More than two months after it was chosen, a team of contractors finally has a signed deal with the California High-Speed Rail Authority to design and build the first section of the state's high-speed rail system in the San Joaquin Valley.
The consortium of Tutor Perini Corp. of Sylmar, Zachry Construction of Texas, and Pasadena-based Parsons Corp. was the low bidder from among five competing teams to handle the first construction segment from Avenue 17 east of Madera to American Avenue at the south end of Fresno. Their bid of $985 million was approved by the rail authority's board June 6. The contract, which includes up to $53 million in additional money to cover unanticipated costs, such as hazardous waste removal from old buildings along the route, was signed Friday, said Jeff Morales, the rail agency's CEO.
Rail officials originally anticipated that the contract would be signed by mid-July, but Morales said the rail authority took great pains to craft a contract that could serve as a template for future construction segments. "There were no issues of consequence" between the agency and the contractor, Morales said. "There were little language things, like a lot of changing 'that' to 'which,' but nothing of real substance."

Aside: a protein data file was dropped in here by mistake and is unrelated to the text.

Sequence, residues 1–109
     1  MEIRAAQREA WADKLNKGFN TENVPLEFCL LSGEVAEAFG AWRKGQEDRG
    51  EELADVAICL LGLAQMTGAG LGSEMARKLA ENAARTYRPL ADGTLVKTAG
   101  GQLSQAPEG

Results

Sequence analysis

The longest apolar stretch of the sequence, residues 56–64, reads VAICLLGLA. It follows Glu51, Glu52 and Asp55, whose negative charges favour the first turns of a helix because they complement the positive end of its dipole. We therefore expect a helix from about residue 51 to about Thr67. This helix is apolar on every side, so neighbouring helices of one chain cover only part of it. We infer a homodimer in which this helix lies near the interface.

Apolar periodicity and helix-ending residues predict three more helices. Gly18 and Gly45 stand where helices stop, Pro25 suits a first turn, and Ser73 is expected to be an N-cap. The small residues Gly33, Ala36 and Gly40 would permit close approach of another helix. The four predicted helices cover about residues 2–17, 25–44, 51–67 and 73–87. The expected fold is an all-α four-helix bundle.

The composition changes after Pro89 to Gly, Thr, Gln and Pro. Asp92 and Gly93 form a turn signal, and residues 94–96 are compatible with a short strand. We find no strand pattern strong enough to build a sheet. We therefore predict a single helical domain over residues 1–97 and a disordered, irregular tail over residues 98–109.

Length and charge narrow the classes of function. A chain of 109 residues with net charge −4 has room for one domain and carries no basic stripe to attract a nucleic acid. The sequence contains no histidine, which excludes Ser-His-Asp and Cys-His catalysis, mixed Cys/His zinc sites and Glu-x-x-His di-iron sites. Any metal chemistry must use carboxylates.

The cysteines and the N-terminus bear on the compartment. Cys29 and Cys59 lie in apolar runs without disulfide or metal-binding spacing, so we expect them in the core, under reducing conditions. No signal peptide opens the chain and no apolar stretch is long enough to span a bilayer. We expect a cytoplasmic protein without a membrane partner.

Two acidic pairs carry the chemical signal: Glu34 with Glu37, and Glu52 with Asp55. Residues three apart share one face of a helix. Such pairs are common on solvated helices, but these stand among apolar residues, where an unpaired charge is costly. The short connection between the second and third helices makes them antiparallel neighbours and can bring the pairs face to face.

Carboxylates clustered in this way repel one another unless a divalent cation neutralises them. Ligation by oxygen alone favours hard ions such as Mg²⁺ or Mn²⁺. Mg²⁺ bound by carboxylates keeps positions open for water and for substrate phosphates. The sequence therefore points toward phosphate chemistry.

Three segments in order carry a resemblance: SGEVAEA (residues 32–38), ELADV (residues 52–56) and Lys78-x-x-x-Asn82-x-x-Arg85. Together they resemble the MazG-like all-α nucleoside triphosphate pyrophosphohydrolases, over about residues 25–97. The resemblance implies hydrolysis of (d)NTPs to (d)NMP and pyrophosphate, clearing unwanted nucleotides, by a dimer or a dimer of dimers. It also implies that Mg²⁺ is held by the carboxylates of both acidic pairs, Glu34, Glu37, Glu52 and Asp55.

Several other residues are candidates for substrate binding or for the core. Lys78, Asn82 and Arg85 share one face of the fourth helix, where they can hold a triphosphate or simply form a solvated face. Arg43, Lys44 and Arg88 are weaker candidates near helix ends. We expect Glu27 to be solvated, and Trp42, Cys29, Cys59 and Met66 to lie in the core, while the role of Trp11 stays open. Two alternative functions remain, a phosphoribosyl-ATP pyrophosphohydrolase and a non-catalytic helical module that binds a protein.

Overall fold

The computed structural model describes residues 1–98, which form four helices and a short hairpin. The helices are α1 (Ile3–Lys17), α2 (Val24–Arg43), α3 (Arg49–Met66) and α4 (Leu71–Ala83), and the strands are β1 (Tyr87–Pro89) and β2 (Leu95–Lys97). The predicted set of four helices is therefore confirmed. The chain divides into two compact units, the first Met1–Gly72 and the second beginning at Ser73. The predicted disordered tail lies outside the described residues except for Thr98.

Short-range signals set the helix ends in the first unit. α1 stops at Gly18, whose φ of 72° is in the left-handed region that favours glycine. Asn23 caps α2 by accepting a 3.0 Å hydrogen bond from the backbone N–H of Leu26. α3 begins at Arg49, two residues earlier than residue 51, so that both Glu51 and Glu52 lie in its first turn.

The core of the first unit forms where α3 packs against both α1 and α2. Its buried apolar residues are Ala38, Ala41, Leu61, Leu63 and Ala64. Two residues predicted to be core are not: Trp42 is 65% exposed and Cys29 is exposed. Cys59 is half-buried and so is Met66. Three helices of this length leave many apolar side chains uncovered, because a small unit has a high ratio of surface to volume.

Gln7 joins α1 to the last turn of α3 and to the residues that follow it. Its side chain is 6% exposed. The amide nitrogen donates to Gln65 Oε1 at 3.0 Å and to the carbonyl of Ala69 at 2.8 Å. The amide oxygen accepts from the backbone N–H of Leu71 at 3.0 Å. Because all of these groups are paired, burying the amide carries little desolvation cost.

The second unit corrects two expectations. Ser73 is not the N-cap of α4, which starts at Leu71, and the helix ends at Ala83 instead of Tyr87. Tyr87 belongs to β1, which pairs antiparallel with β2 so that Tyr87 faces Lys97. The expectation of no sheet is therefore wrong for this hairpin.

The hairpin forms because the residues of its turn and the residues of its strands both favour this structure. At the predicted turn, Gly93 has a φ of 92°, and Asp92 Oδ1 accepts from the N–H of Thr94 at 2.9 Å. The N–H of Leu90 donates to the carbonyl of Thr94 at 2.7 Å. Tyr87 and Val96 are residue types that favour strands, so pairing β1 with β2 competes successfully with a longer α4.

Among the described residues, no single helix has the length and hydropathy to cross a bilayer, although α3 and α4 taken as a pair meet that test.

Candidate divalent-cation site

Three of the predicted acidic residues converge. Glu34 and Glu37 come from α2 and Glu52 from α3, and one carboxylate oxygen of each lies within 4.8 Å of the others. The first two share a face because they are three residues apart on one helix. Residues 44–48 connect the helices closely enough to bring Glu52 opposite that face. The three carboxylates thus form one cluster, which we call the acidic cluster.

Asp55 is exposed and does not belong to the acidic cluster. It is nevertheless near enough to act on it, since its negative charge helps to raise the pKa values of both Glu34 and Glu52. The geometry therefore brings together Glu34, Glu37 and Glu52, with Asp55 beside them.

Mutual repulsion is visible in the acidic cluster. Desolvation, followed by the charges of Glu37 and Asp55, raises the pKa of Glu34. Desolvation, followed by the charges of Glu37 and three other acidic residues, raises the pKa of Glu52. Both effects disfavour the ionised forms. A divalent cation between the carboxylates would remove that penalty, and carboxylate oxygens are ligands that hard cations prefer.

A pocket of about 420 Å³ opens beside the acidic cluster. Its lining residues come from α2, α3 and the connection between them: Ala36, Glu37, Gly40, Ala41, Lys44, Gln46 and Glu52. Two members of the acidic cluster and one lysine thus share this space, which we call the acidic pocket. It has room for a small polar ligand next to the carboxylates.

No date has been set for when work will begin, but Morales said he is hopeful for breaking ground within a month. The first tangible work will include clearing property, demolishing buildings and relocating utilities. Actual construction, however, is not expected to take place until next year.
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"This is a design-build contract," Morales said. "They've got to design it before they build it."
Unlike most transportation projects, in which a public agency designs a project and hires a company to build to that design, the high-speed rail authority is using a design-build process in which the hired contractor is responsible for both designing and building the project.
For the Fresno-Madera section, the work will include the railbed itself; a bridge over the San Joaquin River; elevated tracks at the north and south ends of Fresno; a tunnel under Belmont Avenue and Highway 180; and a dozen street or road overpasses. Laying the steel rails will be done as part of a later contract that spans the length of the Valley from Madera to north of Bakersfield.
Morales said agents for the rail authority have made written offers to about 130 property owners along the route, and estimated that "a few dozen" owners have accepted those offers.